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Int J Behav Nutr Phys Act. 2010 Dec 31;7:92. doi: 10.1186/1479-5868-7-92.

Descriptive epidemiology of screen and non-screen sedentary time in adolescents: a cross sectional study.

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  • 1Health and Use of Time (HUT) Group, Sansom Institute for Health Research, University of South Australia, GPO Box 2471, Adelaide, 5001, South Australia, Australia.



Much attention has been paid to adolescents' screen time, however very few studies have examined non-screen sedentary time (NSST). This study aimed to (1) describe the magnitude and composition of screen sedentary time (SST) and NSST in Australian adolescents, (2) describe the socio-demographic correlates of SST and NSST, and (3) determine whether screen time is an adequate surrogate for total sedentary behaviour in this population.


2200 9-16 year old Australians provided detailed use of time data for four days. Non-screen sedentary time (NSST) included time spent participating in activities expected to elicit <3 METs whilst seated or lying down (other than sleeping), excluding screen-based activities (television, playing videogames or using computers). Total sedentary time was the sum of screen time and NSST.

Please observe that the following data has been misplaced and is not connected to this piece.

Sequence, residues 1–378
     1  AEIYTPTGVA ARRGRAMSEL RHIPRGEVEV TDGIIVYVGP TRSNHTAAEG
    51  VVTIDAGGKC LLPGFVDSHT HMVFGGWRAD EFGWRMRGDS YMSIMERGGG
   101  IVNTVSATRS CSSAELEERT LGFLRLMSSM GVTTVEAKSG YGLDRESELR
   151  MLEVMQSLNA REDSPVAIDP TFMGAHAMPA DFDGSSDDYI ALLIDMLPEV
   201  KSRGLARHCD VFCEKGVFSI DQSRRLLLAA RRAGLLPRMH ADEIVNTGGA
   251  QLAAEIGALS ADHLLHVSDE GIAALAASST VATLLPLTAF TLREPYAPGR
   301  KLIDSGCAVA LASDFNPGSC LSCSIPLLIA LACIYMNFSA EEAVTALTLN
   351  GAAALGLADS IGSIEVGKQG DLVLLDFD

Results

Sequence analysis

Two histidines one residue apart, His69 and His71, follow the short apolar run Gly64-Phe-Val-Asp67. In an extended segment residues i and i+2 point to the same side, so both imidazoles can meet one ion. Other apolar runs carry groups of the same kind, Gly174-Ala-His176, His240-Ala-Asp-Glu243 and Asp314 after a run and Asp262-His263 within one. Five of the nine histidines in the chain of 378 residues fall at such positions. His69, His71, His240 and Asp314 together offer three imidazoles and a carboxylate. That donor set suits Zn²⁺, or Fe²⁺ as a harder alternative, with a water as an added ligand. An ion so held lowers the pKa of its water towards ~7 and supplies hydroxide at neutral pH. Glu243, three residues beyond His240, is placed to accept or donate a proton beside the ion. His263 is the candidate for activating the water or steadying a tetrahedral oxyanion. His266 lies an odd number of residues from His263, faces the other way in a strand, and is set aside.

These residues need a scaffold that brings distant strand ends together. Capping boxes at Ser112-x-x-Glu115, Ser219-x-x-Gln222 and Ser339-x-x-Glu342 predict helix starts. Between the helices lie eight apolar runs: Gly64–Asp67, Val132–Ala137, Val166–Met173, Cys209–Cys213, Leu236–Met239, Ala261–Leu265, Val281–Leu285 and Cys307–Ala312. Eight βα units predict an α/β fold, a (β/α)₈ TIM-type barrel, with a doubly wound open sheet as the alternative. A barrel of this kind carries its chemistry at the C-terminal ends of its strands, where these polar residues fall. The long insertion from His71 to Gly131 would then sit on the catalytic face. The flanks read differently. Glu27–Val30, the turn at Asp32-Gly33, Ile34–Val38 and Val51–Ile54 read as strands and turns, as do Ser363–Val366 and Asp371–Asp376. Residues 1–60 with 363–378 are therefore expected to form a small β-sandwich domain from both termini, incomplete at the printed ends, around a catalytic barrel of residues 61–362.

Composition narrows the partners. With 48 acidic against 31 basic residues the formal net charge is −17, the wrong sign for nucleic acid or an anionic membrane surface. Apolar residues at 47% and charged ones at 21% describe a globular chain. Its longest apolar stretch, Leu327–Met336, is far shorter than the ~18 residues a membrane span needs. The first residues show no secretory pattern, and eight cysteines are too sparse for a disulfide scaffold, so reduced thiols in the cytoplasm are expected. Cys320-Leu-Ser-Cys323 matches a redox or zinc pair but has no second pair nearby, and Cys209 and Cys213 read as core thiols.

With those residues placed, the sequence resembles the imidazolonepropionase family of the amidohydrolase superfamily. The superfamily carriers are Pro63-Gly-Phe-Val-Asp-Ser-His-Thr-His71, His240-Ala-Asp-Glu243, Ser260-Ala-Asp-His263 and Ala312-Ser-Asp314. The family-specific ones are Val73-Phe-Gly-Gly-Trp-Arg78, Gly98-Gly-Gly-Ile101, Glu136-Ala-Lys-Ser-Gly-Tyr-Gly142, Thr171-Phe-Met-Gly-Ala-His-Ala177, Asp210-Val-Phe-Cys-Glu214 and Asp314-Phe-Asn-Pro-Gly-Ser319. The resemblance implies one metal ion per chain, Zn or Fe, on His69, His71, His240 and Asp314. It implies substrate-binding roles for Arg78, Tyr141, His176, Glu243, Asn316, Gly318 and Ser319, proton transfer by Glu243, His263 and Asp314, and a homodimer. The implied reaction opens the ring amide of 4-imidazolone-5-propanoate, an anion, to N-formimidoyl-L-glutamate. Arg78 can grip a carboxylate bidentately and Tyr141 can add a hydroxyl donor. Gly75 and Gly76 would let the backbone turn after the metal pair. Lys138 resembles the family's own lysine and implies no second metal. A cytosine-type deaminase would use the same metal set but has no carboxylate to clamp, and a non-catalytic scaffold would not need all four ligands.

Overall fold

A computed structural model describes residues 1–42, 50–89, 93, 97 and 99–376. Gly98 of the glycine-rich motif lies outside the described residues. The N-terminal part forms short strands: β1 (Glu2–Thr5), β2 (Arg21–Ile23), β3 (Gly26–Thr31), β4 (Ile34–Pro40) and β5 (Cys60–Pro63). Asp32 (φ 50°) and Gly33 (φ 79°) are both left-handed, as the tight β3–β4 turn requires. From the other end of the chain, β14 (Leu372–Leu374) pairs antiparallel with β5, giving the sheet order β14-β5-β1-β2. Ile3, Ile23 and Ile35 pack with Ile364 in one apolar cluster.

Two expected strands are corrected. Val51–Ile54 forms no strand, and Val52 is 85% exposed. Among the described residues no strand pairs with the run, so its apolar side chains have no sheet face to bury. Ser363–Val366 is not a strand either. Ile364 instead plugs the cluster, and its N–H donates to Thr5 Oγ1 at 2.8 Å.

Adolescents spent a mean (SD) of 345 (105) minutes/day in NSST, which constituted 60% of total sedentary time. School activities contributed 42% of NSST, socialising 19%, self-care (mainly eating) 16%, and passive transport 15%. Screen time and NSST showed opposite patterns in relation to key socio-demographic characteristics, including sex, age, weight status, household income, parental education and day type. Because screen time was negatively correlated with NSST (r = -0.58), and exhibited a moderate correlation (r = 0.53) with total sedentary time, screen time was only a moderately effective surrogate for total sedentary time.


To capture a complete picture of young people's sedentary time, studies should endeavour to measure both screen time and NSST.

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